"We think the natural world has a lot to teach us about efficiency," said Kerbel. "And bees and other swarming animals are among nature's best examples of teamwork and efficiency. Our technology injects swarm theory into a grid that has historically been simple and manual, and makes it intelligent and automatic."

And much, much more efficient.

REGEN's Swarm Energy Management technology employs a node at each electrical load in a building. For example, a large corporate campus might install a REGEN node on each HVAC unit. Using REGEN's patented algorithms (which the company calls “swarm logic”), the nodes communicate with each other wirelessly and are able to balance the attached loads to smooth out the overall demand of a building. In a simple scenario, one HVAC unit might detect that another on a different part of a building will turn off in two minutes, and delay just long enough to avoid adding that extra load. But REGEN's system can also handle more complex scenarios that consider dozens of nodes that control various types of loads.

All of this, REGEN states, can add up to a peak electrical demand reduction of 30 percent for commercial and industrial properties.

In the energy efficiency industry, things that save small amounts of energy are fairly simple and inexpensive. But improvements that reduce energy use as much as REGEN's system are often cost prohibitive on the front end. REGEN promises quick energy reduction with a small up-front expense. And, because the parts of the system communicate wirelessly, it doesn’t require advanced metering or utility-side grid investments. It can work today, in many markets.

"The beauty of our system is that it is simultaneously elegant and simple," Kerbel said. "It is very easy to install — one node per device you want to manage, and they communicate with each other. It doesn’t require any intervention from a customer’s IT department. So it's easy to get online quickly and manage your loads without a massive retrofit or capital expense."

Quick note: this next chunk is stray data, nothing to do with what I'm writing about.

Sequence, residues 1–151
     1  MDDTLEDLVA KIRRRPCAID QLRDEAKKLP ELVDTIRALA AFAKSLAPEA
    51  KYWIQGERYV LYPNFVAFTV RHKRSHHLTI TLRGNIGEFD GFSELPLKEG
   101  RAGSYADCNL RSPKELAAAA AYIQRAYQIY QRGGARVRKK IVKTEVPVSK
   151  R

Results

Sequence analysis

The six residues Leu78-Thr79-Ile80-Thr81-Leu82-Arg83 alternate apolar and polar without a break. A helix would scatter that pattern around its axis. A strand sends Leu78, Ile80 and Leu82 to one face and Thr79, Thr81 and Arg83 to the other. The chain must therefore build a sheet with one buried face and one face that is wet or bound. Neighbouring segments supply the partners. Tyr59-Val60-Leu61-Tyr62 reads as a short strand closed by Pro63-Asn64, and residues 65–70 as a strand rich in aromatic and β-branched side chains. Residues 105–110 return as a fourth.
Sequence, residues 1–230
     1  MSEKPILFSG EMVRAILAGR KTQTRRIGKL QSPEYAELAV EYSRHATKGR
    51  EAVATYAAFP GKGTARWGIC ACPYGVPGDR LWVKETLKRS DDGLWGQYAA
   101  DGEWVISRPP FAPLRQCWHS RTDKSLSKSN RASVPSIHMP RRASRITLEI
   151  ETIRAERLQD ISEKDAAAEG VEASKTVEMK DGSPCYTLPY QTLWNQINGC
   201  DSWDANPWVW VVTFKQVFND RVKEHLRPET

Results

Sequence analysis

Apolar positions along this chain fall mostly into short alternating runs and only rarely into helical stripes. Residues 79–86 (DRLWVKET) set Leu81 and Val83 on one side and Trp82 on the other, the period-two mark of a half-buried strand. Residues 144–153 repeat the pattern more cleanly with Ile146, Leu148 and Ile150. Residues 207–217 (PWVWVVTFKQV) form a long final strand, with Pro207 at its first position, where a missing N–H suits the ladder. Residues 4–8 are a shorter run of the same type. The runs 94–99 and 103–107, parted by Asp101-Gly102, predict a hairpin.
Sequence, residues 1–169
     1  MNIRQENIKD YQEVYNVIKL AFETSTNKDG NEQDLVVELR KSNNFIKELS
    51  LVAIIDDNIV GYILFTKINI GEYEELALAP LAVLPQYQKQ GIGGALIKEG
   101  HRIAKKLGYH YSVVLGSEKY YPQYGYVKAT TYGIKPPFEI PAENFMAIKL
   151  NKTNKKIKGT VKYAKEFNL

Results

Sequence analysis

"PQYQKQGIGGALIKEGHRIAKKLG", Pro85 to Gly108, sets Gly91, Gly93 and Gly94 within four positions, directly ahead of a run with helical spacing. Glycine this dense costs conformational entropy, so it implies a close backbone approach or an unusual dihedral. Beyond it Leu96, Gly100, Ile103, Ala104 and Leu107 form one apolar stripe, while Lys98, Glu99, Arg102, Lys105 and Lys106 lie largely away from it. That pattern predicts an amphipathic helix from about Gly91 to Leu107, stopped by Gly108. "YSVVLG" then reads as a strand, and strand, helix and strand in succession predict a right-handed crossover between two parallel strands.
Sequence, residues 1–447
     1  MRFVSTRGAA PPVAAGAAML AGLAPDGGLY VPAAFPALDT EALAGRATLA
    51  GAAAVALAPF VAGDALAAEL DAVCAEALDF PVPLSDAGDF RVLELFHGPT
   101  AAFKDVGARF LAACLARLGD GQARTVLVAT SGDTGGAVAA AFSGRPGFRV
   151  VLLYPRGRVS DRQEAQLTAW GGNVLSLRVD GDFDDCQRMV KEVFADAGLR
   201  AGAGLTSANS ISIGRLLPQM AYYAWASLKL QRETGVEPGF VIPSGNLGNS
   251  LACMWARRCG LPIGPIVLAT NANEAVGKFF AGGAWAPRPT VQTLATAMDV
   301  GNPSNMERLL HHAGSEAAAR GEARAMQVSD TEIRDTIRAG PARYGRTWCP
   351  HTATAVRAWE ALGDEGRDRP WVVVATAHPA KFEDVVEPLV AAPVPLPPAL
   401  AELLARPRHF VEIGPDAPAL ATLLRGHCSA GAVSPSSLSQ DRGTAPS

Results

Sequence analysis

Credit: REGEN Energy

In two early deployments in the U.S. — a big box retailer and a movie theatre chain — REGEN's system resulted in enough energy savings to recoup the system’s cost in one to two years.

As the consumer electronic world evolves, we expect electrical devices to have this kind of awareness and intelligence. But heating and cooling represent such a large proportion of peak demand that it's a logical, helpful and profitable place to start. And, because the payback period is so short, this is a great investment for schools, large corporate campuses and other multi-building sites that have intensive energy needs.

Also posted in Energy Efficiency| Comments closed

EDF Energy Innovation Series Feature #15: Building Efficiency Financing Model From SCIenergy

Throughout 2012, EDF's Energy Innovation Series will highlight around 20 innovations across a broad range of energy categories, including smart grid and renewable energy technologies, energy efficiency financing, and progressive utilities, to name a few. This series will demonstrate that cost-effective, clean energy solutions are available now and imperative to lowering our dependence on fossil fuels.

For more information on this featured innovation, please view this video on SCIenergy's Managed Energy Services Agreement here.

In our feature on Honest Buildings, we noted that the building sector is responsible for nearly half of CO2 emissions (transportation is a third) and that 75 percent of the electricity produced in the U.S. is used to operate buildings. However, the economics of making buildings more efficient can be tricky. Improvements often require significant capital, and since the tenants – not the building owners – pay the energy bills and reap the savings from efficiency upgrades, building owners often lack the incentive to invest in energy-saving measures.

Enter Managed Energy Services Agreement (MESA), the innovative financing structure from Dallas-based SCIenergy, which provides building owners and managers a way to cut their energy usage without incurring high up-front costs. It does so by allowing an investor to agree to provide energy to a building at a price based on the building’s historical costs. The investor pays for energy efficiency upgrades and then uses the savings to provide a return on their investment.

"We think about intelligence as a source of energy, just like we think of coal, nuclear, oil, and renewables as sources of energy," said Woolsey McKernon, managing director of SCIenergy. “Building operators are leaving billions of kilowatt-hours, and therefore millions of dollars, on the table because the expense is short-term and the payoff is long-term. We flip that model."

Credit: SCIenergy